VerifyThis Competition 2019: KIV Solutions

This Website documents the KIV solutions of the VerifyThis Competition held at ETAPS 2019 in Prague, Czech Republic. All proofs were completed after the meeting.

Challenge 1, part A

We got close to a solution during the meeting, and found out that what we had missed was that adjacent monotone sequences were not required to alternate between increasing and decreasing. Correcting the predicates to accomodate the change after the competion finished made the problem simpler, and we finished the proof in half an hour then. The overview shows that we solved the problem using lists over ordered elements from the library. These have functions to access and to update the n-th element of a list (writen x[n] and x[n,a]) already defined. Note that the operations are defined to be partial. This has no effect when the operations are used in predicate logic formulas (predicate logic functions are still total). However, when the functions are called outside their domain within a program, then an exception is thrown (programs can define exception handlers). Here, an exception would be thrown when the program would call x[n] and x[n,a] with an index being out of range, i.e. when # x ≤ n, where # x is the length of the list. An instance of lists over elements with a total order has predicates "ordered≤" for non-strictly and "ordered<" for stricly ordered lists already defined. A lot of useful lemmas are proved over this specification.

The main specification gives a recursive characterization of cut sequences using a predicate "cutseq". That a subsequence x is decreasing, is expressed as "the reversed sequence rev(x) is increasing".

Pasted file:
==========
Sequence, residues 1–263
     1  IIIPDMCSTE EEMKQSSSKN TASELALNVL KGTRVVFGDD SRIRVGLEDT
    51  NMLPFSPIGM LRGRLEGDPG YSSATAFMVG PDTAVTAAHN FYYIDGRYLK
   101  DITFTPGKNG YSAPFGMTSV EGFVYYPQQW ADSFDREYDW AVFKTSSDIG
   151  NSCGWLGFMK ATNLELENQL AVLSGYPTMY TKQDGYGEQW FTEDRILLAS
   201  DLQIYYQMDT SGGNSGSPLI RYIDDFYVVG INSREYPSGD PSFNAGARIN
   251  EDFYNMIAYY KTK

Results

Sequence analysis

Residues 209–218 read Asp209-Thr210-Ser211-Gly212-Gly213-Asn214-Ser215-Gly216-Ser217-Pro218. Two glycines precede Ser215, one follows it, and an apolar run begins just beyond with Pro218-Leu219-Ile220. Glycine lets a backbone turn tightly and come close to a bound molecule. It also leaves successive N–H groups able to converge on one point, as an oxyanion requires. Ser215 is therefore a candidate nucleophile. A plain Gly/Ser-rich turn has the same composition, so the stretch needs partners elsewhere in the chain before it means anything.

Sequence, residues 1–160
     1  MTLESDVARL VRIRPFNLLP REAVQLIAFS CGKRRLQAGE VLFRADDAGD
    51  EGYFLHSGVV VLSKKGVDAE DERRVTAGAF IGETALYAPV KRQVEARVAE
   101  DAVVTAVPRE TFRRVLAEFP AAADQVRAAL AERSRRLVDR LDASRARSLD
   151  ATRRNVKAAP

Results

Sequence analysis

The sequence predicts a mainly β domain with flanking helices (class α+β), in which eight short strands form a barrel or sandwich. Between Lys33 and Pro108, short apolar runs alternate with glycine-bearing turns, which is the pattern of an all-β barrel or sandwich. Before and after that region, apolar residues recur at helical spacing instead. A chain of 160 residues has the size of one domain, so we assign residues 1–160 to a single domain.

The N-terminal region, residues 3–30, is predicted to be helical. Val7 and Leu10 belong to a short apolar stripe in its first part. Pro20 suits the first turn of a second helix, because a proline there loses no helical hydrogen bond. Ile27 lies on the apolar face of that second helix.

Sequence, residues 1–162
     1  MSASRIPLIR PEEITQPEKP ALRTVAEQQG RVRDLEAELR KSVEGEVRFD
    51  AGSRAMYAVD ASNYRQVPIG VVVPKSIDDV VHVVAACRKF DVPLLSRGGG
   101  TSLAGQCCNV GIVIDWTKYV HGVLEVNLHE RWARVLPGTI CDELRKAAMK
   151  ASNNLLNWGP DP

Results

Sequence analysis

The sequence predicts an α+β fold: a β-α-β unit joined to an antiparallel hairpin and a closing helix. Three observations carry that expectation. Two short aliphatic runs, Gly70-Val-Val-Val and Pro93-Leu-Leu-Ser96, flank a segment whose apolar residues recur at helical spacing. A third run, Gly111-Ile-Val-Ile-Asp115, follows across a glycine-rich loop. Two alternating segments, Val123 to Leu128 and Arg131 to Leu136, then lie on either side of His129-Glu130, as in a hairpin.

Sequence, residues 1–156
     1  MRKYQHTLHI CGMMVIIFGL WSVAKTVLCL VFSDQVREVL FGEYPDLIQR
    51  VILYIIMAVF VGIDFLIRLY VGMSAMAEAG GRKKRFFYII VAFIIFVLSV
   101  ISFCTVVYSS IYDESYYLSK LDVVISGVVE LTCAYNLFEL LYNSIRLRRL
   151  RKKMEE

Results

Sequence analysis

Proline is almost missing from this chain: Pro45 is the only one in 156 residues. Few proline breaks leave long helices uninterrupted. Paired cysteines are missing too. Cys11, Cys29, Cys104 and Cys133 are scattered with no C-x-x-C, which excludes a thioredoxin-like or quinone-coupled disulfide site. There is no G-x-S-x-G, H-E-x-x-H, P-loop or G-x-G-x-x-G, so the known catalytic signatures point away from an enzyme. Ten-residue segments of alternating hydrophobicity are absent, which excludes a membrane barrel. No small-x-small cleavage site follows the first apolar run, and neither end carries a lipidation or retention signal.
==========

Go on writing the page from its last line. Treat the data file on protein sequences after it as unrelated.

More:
The program uses this predicate and a slight variation "cutseq-h" as the invariant to prove the main theorem (a sequent of the form"pre ⊦ ⟨prog⟩ post" expresses total correctness for deterministic programs; it implies that the program will not throw any exception). The main theorem trivially implies that the cut sequent goes from begin to end , has monotonic, maximal sequences (this is exactly the definition of "cutseq"), and is non-empty.

Challenge 2, part A

For us this challenge was significantly harder, since to solve it elegantly one has to come up with an intuitive characterization of the stack involved. Also using the original characterization with 1-based indices is quite error-prone. The overview shows that again we solved the problem using lists with the same operations as for the first challenge.

The main specification defines a function "leftneighbor(x,n)" that computes the left neighbor m of an element at position n (0-based). The function returns 0 if there is no left neigbor, and m + 1, if the left neighbor exists and is at position m (0-based). "leftneighbors" computes the left neigbours of all elements in the list. "first-lower(stack, x, a)" imitates the inner loop: It computes the topmost element of the stack, that is lower than "a" (so, it is the main function needed in its invariant). The crucial predicate that characterizes the stack is "valid", and is the main formula of the invariant of both loops. It states that if the stack is [a_1, a_2,...a_n] (with a1 being the top of stack), then each a_i+1 is the left neighbor of a_i (with the last element a_n having no left neighbor).